Myths and truths about using fabric softener in children’s clothes
“I don’t use fabric softener because my son has atopic skin.” That phrase is often repeated, but it is not always the right decision because sometimes the problem or solution has nothing to do with these products. Malaga dermatologist Leandro Martínez clarifies some of the main doubts and makes several recommendations, such as paying attention to the amount of product used and rinsing well.
What percentage of children have atopic skin?
In Malaga, one in five children may be atopic in childhood, a characteristic that disappears as they grow. This is a “high” percentage, according to dermatologist Leandro Martínez. This is about 20% of the population in developed countries. On the other hand, the prevalence in countries like Africa is lower. In this regard, there are several theories as to why this happens, although the most likely is that in the Western environment there is less contact with germs in the first years of life. This does not mean that children in countries like Spain have moderate or severe atopic dermatitis, but sometimes they are simply mild signs due to the development of eczema or slightly more reactive skin.
Does the use of fabric softener or detergent only affect children with atopic skin?
No, this is not exclusive to atopic children. Any child’s or adult’s skin can be affected when a suitable detergent is not used, or especially by fabric softener, which is “blamed” more because they are the ones that have perfume and substances that can be more allergic. Martínez recalls that since the beginning of this century, detergents have been marketed whose composition has avoided the main substances that can be allergic or that can be irritating to the skin. «Most of the best-known commercial brands have already released lines for sensitive or reactive skin. What they try to avoid in these compositions are the main groups that cause skin irritation,” he clarifies.
Is it recommended not to use fabric softener for children with atopic skin?
As a general rule, it is not recommended to stop using fabric softener. The Malaga dermatologist explains that it is when the real disease is not controlled that other avenues are explored. «When the detergent or fabric softener causes problems on the skin, it is most likely that it has not been rinsed well. “That is mostly the main problem,” he maintains. From there, it is recommended that a detergent or softener be used that avoids substances that are irritating and that can generate this reaction upon contact with the skin, but also that parents be very scrupulous when rinsing and minimize or optimize the product quantity.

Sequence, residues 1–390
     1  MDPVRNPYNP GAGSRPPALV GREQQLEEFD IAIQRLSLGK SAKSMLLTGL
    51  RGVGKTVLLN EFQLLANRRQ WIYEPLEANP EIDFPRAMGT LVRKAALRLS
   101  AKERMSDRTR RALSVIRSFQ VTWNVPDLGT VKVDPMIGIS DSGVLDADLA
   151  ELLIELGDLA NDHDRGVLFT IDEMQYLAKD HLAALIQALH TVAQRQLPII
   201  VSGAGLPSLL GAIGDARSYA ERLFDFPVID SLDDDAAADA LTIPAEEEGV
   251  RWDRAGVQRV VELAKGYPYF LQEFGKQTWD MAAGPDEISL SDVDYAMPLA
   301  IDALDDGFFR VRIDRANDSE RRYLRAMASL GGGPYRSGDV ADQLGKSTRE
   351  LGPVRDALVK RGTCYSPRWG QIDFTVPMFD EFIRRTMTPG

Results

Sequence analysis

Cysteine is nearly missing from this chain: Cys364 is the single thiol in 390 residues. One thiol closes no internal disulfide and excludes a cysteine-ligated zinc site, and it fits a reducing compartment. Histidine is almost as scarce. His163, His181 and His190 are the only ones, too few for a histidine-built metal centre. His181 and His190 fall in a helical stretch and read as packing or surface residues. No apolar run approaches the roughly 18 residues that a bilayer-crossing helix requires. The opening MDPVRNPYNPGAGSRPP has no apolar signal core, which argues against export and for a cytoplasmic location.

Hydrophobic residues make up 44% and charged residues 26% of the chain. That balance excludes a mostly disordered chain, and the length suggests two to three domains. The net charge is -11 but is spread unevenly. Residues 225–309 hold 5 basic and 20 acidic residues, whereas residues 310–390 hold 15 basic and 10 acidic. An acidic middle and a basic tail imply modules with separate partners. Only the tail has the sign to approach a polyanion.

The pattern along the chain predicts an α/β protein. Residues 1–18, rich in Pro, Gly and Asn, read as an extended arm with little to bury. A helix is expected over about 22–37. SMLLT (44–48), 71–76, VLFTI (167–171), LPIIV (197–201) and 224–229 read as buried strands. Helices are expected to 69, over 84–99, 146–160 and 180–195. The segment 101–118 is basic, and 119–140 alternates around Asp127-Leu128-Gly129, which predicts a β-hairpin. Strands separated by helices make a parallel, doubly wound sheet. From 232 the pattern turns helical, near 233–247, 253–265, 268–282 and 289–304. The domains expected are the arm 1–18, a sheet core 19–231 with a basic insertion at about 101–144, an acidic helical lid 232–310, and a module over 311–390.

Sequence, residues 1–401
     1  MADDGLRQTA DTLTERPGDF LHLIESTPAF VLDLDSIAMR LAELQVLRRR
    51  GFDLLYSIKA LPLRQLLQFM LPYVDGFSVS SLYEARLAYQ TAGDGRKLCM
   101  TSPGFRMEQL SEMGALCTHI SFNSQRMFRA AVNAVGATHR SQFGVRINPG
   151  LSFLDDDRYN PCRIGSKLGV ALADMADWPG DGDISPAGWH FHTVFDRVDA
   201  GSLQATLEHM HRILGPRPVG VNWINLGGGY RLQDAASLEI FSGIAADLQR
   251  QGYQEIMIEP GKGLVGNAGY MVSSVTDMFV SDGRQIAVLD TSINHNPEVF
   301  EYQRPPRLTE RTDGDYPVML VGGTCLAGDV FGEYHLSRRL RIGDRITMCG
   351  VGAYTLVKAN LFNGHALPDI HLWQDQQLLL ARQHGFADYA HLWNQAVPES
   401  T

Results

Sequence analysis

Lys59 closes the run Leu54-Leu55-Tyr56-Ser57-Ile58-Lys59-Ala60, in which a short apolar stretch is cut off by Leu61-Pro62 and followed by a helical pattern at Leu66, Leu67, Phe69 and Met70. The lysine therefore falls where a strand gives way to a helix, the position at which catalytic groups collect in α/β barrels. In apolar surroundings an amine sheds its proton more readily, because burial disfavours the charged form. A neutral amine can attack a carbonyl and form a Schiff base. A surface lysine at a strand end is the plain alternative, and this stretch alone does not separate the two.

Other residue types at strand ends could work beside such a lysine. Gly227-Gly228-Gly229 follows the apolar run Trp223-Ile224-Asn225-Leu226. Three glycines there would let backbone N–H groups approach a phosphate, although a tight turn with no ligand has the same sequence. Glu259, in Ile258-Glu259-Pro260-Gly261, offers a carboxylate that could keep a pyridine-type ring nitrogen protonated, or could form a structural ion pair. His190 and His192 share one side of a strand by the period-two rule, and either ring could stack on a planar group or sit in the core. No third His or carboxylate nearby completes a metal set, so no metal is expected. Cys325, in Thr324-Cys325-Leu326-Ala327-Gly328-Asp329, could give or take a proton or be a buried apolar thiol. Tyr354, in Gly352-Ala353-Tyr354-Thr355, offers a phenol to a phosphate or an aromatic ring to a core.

Is there any type of clothing that is more optimal for atopics?
«The problem is that if I put on a shirt with traces of a detergent or fabric softener (because it has not been rinsed well) and it has irritating substances, my skin will react because in the end the clothes are in contact with the body,” explains Leandro Martínez. In the case of pajamas, a garment that the little ones in the house wear for hours, it is recommended that they be made of natural fibers, mainly cotton, and never wool, which does cause skin irritation. Cotton and linen, on the other hand, are optimal for this type of skin.
When should you avoid using fabric softener?
If you buy this type of garment, rinse it well, reduce the amount of product and it still gives a reaction, it is time to stop using the fabric softener, but in no case as a general rule.
Is it counterproductive to stop using fabric softener even if my child does not have atopic skin?
No, the dermatologist emphasizes that in this case it is not like when people go on diets to avoid gluten that end up making the person intolerant. “It would only be counterproductive because the clothes will be less soft,” he says.
Can skin become atopic due to the use of softener?
No, in no case. Atopic skin stems from a genetic determination, which determines an alteration of the skin barrier and an immunological alteration. “What we do not know is whether the immunological alteration generates the alteration of the skin barrier or the alteration of the skin barrier allows the immunological alteration of the skin, but that does not depend on external substances such as softeners or detergents,” Martínez clarifies. Of course, he clarifies that the “debut” of atopy can be brought forward by this use, but that these symptoms were going to arrive at one time or another.
Are there different types of atopic skin?
According to Leandro Martínez, yes, it is a “tremendous fan.” There are children whose parents hardly even know they have atopic skin, to others who cannot even sleep. However, these latter barely account for 2 percent of the total; most have very mild symptoms that are resolved with creams.